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So, the big questions are, was Jodie any good, and is the character still the Doctor we know and love?

Well yes, she hit the ground running and yes, we got the same resourceful, scatter brained, authoritative Doctor that we ever had – now with added Sheffield Steel.

If you want to know more, for a review of "The Woman Who Fell To Earth" without any significant plot spoilers, read on...

The first thing you note is a change in visual tone, this somehow seems darker and grittier than Davies and Moffat’s eras. Whilst both predecessors still sat in the palette of the real world, Chibnall seems to have buffed some of the showroom shine off things, in a similar way to Star Wars.

This is added to by location, moving to Sheffield and surrounds gives a bit of a break from everywhere looking looking like Cardiff, and of course it appeals to me because it’s on my doorstep. My local Ice Hockey team being Sheffield Steelers, I find myself in Sheffield quite a bit.

Then there’s the music, no orchestra this time, new composer Segun Akinola has gone for more of a sound design approach, with great use of electronic sounds and pads for a much more atmospheric approach than the more traditional themes, and melodies that came before. There’s a certain amount of Radiophonic feel going off in there, much closer to the show’s historic roots.

Though after you’ve been watching for a while, you might notice an absence of theme tune, or titles. That’s because once the show starts, there isn’t really a good break point, but don’t despair, you do get the theme at the end, and you do get the tiniest teaser of the theme as the Doctor literally drops into the action at around 9 minutes into the show.

Just like Matt Smith did in Eleventh Hour, Jodie Whittaker hits the ground running, quite literally, straight into the job of saving the Earth. She takes control of the scene both in story and in the context of acting, straight away you see she’s both her own Doctor, and has hints of previous incarnations, with a hint of Eleven within her first minute on screen and managing to squeeze in a trademark Doctor phrase “I’ll tell you later” right up front.

Throughout the course of the first episode we see the usual scatter-brained Doctor, the action Doctor, the knowledgeable Doctor and the inventive, almost Macgyver Doctor, as she has to make up for her missing sonic screwdriver by making a new one. Not from a kettle and piece of string, but from spoons. The look on her face when she found the spoon was a beautiful call back to the Seventh – I’m sure Sylvester would approve.

It was nice to see that instead of being incapacitated by regeneration as some predecessors had been, with Thirteen it shows as not knowing who she is, and what she can do. Trying to find what it is she’s good at along the way “I could build one, I’m good at building things – probably”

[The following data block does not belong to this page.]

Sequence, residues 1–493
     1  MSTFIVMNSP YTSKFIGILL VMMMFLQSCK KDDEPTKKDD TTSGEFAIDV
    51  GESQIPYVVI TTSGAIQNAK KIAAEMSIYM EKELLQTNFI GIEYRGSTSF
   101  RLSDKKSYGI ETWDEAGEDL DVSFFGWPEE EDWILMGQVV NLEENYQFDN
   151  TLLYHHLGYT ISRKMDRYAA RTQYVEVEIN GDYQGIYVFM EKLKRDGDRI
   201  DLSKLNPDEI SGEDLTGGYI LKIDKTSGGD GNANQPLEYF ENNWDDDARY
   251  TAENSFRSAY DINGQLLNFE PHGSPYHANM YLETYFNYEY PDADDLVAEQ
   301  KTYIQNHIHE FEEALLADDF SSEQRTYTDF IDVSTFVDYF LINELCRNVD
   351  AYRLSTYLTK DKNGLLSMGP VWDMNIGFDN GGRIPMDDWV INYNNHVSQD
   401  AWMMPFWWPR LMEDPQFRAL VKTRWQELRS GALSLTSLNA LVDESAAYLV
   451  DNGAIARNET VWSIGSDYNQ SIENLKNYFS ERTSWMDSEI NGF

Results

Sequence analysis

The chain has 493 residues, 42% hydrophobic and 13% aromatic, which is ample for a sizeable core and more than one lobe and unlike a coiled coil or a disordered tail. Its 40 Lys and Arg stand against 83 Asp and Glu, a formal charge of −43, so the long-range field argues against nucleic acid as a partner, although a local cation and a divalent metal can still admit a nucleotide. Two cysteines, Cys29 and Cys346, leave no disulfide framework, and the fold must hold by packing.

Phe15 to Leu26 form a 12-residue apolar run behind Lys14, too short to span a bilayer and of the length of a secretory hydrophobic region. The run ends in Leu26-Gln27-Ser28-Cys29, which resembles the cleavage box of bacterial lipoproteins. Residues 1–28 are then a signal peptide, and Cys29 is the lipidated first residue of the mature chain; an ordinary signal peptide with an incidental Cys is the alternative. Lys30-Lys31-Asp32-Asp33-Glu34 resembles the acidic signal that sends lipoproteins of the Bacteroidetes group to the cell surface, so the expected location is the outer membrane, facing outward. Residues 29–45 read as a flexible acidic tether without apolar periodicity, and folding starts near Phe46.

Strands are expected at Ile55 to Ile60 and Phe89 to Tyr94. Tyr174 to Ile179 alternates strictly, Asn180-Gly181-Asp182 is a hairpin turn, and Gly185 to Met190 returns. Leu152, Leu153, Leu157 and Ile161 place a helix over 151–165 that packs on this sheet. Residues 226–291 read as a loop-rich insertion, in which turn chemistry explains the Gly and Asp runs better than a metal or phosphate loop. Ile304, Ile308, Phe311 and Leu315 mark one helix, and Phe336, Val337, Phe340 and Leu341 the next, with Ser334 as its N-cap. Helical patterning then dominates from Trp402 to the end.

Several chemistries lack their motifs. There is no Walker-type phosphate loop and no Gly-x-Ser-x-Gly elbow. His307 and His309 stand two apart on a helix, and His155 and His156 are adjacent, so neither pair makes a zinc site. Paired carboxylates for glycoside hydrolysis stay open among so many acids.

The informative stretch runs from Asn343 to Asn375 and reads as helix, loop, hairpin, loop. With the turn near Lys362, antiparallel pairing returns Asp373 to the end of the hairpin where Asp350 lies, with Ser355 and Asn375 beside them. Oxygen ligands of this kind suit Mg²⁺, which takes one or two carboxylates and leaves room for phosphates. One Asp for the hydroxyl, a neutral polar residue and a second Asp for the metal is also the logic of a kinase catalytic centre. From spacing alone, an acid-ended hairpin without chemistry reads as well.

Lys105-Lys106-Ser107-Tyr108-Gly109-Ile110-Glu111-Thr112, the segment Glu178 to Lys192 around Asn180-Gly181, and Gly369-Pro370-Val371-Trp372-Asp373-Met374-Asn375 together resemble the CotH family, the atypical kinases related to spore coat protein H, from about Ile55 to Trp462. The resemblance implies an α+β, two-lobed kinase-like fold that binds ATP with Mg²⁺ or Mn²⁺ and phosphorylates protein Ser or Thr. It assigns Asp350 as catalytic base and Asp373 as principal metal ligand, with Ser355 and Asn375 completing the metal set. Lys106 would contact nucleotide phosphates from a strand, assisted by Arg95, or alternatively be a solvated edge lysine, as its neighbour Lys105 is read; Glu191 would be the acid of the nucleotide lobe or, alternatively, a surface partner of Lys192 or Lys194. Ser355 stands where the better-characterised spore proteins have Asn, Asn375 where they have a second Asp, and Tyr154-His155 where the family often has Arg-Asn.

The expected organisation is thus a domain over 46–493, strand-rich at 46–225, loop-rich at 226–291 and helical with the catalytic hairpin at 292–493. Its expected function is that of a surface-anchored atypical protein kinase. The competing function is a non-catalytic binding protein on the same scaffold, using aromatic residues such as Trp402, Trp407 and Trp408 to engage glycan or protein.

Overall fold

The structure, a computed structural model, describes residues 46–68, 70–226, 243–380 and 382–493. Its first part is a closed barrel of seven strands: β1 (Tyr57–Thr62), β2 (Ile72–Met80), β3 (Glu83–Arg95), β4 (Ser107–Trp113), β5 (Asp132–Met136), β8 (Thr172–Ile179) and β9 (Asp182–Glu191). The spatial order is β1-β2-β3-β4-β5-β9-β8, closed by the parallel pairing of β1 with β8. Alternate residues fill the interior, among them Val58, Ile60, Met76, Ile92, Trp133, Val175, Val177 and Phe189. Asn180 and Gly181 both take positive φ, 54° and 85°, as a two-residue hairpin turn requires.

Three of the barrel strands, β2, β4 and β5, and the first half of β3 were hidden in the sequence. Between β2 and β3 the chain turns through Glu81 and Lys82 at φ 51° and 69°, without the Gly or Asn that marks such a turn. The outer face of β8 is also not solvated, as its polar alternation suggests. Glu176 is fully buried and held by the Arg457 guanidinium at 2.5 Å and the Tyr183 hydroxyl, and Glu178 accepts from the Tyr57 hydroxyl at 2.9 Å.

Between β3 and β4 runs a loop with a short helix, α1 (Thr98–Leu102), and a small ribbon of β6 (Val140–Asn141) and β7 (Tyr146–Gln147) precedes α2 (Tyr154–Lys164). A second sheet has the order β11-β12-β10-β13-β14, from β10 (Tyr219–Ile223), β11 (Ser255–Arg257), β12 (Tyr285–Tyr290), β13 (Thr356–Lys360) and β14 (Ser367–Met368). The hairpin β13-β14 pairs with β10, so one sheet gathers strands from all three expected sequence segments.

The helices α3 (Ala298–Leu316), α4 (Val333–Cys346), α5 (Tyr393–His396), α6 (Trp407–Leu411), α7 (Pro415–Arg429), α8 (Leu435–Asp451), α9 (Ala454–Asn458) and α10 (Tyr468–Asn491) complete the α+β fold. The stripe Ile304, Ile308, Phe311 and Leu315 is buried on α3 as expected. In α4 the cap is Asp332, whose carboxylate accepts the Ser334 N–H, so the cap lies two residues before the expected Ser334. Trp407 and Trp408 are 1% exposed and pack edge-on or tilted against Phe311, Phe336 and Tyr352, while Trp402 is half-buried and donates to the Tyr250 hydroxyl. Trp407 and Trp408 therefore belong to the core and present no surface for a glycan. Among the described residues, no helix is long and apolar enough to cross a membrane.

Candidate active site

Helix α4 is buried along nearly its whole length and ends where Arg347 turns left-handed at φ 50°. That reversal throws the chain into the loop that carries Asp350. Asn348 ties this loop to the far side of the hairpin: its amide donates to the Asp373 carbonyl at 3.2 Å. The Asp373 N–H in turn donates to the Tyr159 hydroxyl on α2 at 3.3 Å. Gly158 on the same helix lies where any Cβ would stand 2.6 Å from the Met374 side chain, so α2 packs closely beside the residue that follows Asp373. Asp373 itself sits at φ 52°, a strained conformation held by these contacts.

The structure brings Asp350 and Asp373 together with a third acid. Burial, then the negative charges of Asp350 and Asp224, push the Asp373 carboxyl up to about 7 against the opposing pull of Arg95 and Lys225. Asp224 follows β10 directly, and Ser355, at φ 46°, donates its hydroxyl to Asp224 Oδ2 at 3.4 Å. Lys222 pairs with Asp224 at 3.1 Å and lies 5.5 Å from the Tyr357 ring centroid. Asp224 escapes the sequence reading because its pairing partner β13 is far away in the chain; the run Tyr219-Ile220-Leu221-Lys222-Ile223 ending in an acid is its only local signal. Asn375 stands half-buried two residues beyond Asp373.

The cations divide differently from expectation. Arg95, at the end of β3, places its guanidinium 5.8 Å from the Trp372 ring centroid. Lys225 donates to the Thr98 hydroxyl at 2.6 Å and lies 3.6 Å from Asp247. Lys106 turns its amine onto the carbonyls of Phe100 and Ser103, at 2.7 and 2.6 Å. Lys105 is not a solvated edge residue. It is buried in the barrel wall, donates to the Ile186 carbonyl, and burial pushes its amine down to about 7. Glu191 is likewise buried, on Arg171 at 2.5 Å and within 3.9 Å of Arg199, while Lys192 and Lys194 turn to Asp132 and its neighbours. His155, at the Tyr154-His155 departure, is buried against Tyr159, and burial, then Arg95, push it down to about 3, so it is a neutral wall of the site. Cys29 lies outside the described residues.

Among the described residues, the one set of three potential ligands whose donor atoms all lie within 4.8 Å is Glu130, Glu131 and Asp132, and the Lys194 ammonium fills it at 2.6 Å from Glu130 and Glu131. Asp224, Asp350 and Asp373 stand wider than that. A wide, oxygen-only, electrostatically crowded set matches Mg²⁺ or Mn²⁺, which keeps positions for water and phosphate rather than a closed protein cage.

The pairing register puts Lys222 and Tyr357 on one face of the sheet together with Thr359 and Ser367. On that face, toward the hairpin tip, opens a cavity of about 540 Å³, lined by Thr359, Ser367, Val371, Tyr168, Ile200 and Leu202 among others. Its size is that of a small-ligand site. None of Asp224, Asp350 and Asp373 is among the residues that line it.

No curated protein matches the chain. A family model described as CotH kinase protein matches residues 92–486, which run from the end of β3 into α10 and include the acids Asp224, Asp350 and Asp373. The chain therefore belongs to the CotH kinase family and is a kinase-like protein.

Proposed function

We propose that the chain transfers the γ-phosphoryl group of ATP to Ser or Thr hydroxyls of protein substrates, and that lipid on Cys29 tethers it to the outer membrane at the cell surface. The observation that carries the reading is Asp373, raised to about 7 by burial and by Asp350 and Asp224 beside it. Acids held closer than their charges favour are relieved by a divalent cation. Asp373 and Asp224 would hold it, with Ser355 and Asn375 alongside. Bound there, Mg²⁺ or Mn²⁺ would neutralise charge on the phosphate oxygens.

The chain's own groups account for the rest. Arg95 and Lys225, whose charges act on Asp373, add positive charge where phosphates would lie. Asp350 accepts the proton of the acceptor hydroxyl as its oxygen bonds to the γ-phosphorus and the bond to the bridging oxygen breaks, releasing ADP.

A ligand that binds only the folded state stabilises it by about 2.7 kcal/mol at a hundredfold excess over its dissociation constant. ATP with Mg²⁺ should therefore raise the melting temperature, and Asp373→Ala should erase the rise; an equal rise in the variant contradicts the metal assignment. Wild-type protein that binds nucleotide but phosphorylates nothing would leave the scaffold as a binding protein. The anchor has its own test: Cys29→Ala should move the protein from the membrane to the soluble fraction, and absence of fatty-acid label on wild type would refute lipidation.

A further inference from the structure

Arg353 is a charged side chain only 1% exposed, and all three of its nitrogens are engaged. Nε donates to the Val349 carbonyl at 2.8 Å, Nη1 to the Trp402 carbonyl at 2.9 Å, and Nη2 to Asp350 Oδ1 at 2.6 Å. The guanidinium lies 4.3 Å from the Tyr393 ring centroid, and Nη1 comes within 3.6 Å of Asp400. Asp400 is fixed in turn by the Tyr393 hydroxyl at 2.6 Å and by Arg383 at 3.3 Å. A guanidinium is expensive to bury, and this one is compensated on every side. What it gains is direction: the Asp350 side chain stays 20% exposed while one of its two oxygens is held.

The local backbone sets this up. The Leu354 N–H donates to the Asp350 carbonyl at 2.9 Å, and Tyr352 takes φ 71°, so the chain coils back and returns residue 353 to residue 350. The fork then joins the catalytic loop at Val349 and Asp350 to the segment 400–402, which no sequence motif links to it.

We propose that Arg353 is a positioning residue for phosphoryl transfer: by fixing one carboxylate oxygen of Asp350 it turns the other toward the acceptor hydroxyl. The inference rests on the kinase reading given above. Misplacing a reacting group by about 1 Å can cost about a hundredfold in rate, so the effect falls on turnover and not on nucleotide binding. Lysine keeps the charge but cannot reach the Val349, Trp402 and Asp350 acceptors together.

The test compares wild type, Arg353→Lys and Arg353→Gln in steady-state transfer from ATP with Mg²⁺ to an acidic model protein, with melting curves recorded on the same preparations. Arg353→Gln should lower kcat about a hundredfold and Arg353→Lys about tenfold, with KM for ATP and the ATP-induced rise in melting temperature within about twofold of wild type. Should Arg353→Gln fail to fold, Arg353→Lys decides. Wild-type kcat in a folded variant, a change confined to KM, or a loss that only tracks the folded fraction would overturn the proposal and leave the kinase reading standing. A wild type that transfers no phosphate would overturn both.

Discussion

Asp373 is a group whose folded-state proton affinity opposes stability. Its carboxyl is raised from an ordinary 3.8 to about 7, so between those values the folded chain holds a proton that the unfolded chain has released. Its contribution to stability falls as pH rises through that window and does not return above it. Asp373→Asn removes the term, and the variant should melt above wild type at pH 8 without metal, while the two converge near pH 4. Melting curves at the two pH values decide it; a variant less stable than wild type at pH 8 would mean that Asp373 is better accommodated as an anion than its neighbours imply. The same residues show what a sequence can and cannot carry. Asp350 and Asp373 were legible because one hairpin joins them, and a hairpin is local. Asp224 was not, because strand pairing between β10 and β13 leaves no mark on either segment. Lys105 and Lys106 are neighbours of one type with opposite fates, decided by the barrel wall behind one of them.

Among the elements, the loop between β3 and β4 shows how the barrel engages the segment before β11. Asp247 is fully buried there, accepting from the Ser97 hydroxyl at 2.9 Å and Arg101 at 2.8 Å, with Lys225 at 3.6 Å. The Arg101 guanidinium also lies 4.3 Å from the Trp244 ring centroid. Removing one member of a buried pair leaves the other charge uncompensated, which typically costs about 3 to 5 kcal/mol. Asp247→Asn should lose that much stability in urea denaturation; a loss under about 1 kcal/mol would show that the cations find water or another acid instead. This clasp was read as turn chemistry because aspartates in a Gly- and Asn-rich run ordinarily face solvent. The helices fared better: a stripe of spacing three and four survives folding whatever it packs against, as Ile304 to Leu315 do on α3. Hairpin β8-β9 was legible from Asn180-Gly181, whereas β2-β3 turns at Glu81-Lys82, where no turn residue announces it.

I’ve got to say knowing that the new sonic has added Sheffield Steel, appeals to me as a Sheffield Steelers fan, though US Hockey fans should also note that the Stanley Cup also has added Sheffield Steel.

I know when Jodie was cast there was great concern that somehow her gender would change the character, but after watching the first episode, except for two humorous scenes, the entire script could so easily have been played by a man without any changes. In fact, some of her predecessors might have thought twice about some of the action sequences in this story.

This is definitely the same Doctor we have watched since Hartnell, same moral compass, same making it up as she goes along. Only difference I can see is the use of pronouns. The character is safe in Whittakers hands.

That’s not to say everything is perfect in this episode, in places the companion’s dialogue is a little clunky or cheesy, but then this is new writing for new characters, as the actors inhabit the roles this should get better.

Also, in the realms of Sci-Fi and Fantasy, whilst you can suspend disbelief for the fantasy elements, the real-world stuff MUST make sense or it drags you out of the story. At the beginning there’s a scene where Ryan throws a bike down a hill, but in the next scene it’s up a tree in the middle of a wood, that and the location didn’t feel like it was at the bottom of that hill. In the shot just after he threw it you could see it wasn’t a sheer cliff, so he’d need to be a champion hammer thrower to reach the trees, it just felt wrong.

There was another scene in a crane yard, working in the dark in high winds (which they went out of their way to show you wind speed), they just wouldn’t be working in those conditions, and there didn't seem to be anything for the crane to be doing. Again this started to pull you out of the drama. I think Chris needs to think a little bit harder about making the real-world elements make sense.

But then you reach the new theme tune – wow! Gone is the orchestral arrangement, and we’re back to more electronica, much closer to the original. Though I have to say either the equalisation, or the levels of the bass and rhythm parts could do with a little tweaking, as they get a little lost in the mix in places. But that may be just first impressions and I suspect I’ll grow into the mix.
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